Kindle Worlds: Not bigger on the inside

Today Amazon announced Kindle Worlds for Authors, which is a self-publishing tool to allow authors of fanfiction to monetize their work as long as it adheres to certain guidelines, including no porn, no offensive language, and no crossovers.

It’s not the first time someone’s tried to make money at the corporate level off fanfiction and it won’t be the last.  As a big believer in the idea that creative people deserve compensation for their creativity and that as a legitimate form of storytelling fanfiction should not be considered a pale shadow of traditional professional writing, I’m not even, necessarily, inherently opposed to the idea.

But Amazon’s project raises a bunch of compelling questions that we’ve been hurtling towards for a while now, especially as fanfiction has increasingly received positive, mainstream, and significant news coverage in outlets like Time Magazine and a property of The Washington Post.

Question 1: To what degree does Kindle Worlds suggest that fanfiction can only be legitimized through the eradication of fan culture’s gift economy?

Question 2: Fanfiction has significantly changed our media culture.  Kindle Worlds isn’t just capitalizing on it, but arguably represents an attempt to shape it.  Is this a feedback loop in action or an attempt to stop the catalyst that is fan work?

Questions 3: The contractual terms of Kindle Worlds are the sort traditional professional writers would be strongly advised against signing on to.  Is fannish work worth less?  Should it be?

Question 4: Fanfiction has, arguably, always been about the option to use use all the tools, particularly those often discouraged by corporate content production (e.g., sexuality), to tell story.  If the toolbox is limited, whether a given writer would choose to use all the tools or not, is it fanfiction or is it some other form of derivative (vs. transformative) work?

Question 5: How will fan readers view/treat fan writers who use a tool like Kindle Worlds? And how does that impact our communities, hierarchies, and barriers to entry?

Please play in comments below.

10 thoughts on “Kindle Worlds: Not bigger on the inside”

  1. Re: question 5. If fanfic writers want their work to become monetized, I would have a lot of questions, but at the end of the day, I would have no problem with that. That being said, I’d much rather the monetization/payment be handled through a fan-created source like AO3 than through a corporation that seems to be merely interested in capitalizing on one of the few forms of publishing they haven’t yet managed to monopolize. Basically, I would have major judge-y eyes for fic writers who go to Amazon to make money.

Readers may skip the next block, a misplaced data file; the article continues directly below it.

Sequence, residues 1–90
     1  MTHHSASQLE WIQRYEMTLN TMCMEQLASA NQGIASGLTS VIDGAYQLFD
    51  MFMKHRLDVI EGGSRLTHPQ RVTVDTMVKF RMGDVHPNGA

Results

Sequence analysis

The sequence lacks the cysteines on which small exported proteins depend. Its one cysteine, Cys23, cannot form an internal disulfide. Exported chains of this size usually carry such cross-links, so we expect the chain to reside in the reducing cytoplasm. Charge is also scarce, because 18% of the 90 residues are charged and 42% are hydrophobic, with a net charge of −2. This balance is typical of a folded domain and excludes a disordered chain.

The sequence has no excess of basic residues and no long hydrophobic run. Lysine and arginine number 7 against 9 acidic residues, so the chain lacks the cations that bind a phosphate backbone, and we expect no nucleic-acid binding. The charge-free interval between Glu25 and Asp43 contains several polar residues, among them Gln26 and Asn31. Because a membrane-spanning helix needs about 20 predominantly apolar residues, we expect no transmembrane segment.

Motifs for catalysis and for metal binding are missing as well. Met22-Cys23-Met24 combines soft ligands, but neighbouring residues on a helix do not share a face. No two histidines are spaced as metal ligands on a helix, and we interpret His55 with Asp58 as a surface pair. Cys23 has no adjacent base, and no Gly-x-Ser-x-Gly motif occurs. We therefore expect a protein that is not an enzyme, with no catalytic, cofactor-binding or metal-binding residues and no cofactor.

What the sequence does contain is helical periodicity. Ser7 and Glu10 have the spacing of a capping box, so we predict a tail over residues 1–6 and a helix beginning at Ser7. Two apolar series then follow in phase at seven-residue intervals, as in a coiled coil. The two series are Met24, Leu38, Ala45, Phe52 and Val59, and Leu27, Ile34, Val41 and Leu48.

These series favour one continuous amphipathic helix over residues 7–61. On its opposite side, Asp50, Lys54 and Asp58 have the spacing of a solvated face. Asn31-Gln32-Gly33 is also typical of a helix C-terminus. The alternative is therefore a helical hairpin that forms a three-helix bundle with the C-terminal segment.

1. a corporation that seems to be merely interested in capitalizing on one of the few forms of publishing they haven’t yet managed to monopolize.

      This was my first thought as well, and it remains my main one.

  2. This is limited to licensed “Worlds.” I wonder how many franchises will allow their product to be licensed to have others write about them. It goes beyond tie-in novels.

    Somewhat addressing question two, I don’t think fan work can be stopped. I don’t know how much of a fraction of it could be shaped beyond what constraints fic writers give themselves.

    Many slash fiction writers could easily be published if they were writing original fiction m/m romance. Not only self-published, but published by romance publishers. The question there is if they want to.

    My guess is that some fans would follow the writers they liked if those writers signed up to Kindle Worlds. Some would prefer to stay with free (and unconstrained) fic. Again it reminds me of the authors who went from writing slash fiction to original fiction m/m romance, and that’s a lot of the m/m romance authors. If they went with an e-publisher, there were some constraints on them, but not necessarily too many. They went from using characters their readers were familiar with to their own characters, but in some cases those original characters became much beloved by a number of readers.

    So it’s happened that fan fiction writers moved to being published professionally. This time it’s again whether they’ll keep their audience when the audience needs to pay for it, although having characters the audience already likes and their own writing skills are starting places.

    Presumably Kindle Worlds works would have DRM on them. That’s another limitation to consider. Some readers get books with DRM on them with the intention of stripping the DRM off. Some just go with it. But what fan fiction readers might think of as sharing, publishers think of as piracy.

    There’s a lot to consider.

  3. Like you, I believe strongly in the idea that fan fiction is (or can be, and has no intrinsic barrier to being) a fully legitimate creative work. Good writing is good writing.